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  • Jonathan Widran

LEX GREY AND THE URBAN PIONEERS, How Many Roads?

Closing in on 20 years as a true cult rock diva in her home base of NYC, multi-faceted powerhouse vocalist, musical Renaissance woman and recent inductee into the New York State Blues Hall of Fame Lex Grey– offers up an interesting question via the title of their latest album and one of the ear and soul-piercing album’s most sensual, slow burning tracks: “How Many Roads will we go down?”

While building her rep as a master rock and blues artist as lead singer of Lex Grey and the Urban Pioneers – which she founded with renowned recording engineer and musician Vic “Mix” Deyglio – Grey has been everything from a TV/film production designer, prop builder for “The Pee Wee Herman” show, B movie queen, bartender, telephone psychic, international stage actress and animal rescue assistant. On How Many Roads?, the band’s eight album since 2005, she once again pours every ounce of searing emotion derived from that fascinating topsy turvy existence into each track, leaving no heart wrenching, world-wise stone unturned as she fulfills the album cover’s three-pronged declaration, reminding us the multi-faceted, 11 track album was Made with Love and Exploding with Flavor and urging us to Enjoy Before Doomsday.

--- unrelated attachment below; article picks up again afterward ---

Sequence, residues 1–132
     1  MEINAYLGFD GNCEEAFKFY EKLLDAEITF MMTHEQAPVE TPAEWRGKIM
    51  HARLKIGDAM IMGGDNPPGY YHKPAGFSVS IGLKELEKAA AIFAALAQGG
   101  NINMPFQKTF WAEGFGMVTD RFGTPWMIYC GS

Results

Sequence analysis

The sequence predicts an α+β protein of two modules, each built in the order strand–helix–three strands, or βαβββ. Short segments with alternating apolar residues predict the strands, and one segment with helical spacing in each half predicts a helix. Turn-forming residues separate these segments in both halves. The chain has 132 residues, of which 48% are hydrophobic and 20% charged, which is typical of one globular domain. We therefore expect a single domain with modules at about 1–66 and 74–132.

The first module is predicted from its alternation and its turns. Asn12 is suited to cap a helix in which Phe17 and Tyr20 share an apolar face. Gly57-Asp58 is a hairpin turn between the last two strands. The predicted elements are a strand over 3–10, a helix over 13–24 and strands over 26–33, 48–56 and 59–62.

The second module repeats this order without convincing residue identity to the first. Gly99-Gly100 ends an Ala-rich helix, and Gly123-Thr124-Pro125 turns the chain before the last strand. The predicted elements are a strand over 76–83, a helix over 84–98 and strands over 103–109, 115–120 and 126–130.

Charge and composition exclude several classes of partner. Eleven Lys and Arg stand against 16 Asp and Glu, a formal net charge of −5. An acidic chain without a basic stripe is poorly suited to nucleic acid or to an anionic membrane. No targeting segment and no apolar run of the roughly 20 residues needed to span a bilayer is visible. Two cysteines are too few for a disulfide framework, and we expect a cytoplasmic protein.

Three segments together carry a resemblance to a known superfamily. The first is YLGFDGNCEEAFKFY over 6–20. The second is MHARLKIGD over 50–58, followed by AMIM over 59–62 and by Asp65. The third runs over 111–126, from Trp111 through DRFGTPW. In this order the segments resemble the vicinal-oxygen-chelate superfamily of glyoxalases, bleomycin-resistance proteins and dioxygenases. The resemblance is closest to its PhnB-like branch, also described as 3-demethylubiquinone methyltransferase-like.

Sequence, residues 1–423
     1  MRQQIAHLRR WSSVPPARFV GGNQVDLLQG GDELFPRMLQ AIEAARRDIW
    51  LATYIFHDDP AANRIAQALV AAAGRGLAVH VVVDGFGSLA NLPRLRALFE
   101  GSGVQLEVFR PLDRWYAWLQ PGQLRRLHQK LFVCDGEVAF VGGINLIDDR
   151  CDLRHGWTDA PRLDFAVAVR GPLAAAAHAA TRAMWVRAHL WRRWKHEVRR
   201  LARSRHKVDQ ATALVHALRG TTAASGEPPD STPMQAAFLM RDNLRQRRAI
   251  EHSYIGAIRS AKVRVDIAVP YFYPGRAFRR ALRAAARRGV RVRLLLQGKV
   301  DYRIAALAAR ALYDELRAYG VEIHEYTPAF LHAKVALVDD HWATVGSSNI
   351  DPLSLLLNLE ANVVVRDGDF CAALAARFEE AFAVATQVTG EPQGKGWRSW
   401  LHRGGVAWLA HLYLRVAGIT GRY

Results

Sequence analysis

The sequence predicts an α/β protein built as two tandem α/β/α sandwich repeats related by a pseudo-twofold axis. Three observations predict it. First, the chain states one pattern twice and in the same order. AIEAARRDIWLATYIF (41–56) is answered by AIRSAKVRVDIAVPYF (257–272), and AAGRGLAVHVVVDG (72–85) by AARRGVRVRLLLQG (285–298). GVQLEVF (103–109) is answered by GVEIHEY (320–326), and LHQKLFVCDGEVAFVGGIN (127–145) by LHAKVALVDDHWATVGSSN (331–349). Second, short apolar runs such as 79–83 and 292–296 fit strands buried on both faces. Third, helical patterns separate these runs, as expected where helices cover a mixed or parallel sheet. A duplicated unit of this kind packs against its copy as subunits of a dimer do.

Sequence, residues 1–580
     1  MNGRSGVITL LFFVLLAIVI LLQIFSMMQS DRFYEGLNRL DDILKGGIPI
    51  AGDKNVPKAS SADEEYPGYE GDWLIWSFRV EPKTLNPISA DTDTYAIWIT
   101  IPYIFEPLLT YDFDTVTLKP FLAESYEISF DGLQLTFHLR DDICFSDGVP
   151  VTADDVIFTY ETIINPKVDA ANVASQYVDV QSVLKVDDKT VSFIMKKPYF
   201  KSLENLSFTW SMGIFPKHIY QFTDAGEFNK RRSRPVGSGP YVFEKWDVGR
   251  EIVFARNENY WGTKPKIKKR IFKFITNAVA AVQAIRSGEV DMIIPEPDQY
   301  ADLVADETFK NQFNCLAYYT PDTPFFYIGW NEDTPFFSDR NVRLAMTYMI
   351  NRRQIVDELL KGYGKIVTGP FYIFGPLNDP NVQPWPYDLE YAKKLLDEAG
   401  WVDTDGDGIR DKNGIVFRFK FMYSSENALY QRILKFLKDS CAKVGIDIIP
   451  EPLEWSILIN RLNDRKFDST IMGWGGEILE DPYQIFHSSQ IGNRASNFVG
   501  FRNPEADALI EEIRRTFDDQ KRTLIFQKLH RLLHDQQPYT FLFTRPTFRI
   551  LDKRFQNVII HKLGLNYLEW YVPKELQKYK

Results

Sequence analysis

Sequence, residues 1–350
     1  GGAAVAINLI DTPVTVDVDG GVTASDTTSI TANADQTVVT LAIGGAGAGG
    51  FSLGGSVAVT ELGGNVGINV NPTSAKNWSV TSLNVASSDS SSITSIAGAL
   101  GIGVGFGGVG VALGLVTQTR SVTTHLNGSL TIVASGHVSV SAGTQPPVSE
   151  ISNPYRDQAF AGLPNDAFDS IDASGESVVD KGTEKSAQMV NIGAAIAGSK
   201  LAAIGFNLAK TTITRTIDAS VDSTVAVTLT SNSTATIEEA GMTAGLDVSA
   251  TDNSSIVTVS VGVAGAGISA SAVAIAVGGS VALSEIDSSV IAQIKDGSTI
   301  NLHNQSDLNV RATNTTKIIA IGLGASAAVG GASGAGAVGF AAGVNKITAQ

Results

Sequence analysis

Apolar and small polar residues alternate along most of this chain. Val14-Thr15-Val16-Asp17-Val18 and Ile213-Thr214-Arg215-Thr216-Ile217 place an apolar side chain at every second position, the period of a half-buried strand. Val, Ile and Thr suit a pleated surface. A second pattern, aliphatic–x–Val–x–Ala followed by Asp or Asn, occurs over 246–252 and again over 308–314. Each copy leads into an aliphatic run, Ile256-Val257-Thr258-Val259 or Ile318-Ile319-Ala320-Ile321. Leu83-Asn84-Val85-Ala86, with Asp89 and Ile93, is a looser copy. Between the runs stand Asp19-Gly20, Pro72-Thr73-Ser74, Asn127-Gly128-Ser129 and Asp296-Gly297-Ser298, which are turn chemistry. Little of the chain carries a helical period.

If doomsday comes, Lord, let it be after we experience Grey and the Pioneers' latest inferno of soul seduction and crackling edges. She showcases the wild range of her Janis Joplin-Amy Winehouse-esque voice from the get go, starting the sly “In It Together” with a chill flow before a slightly more tortured outburst and then a return to the cool.


While the universally inspiring, simmering horn-drenched mid-tempo “I Believe In You” and the plucky acoustic blues of “Biker Down” go down easiest – and we can certainly all relate to the dark melancholic feeling of being abandoned by a protecting “Angel” – the collection’s true freewheeling power lies in tunes like the raucous, funky strutting blues of “Ain’t From Mississippi,” the horn-drenched New Orleans vibin’ lament “Old Crooked Broom” and the frustration filled mid-tempo blues rocker “You Confine Me.” The most cathartic, redemptive, and dare we say uplifting, moment comes from the infectious chorus of “After a Lifetime,” when Grey, after years of searching for something real deal, exults “Hallelujah, Surrender, Arms up to the Sky.”

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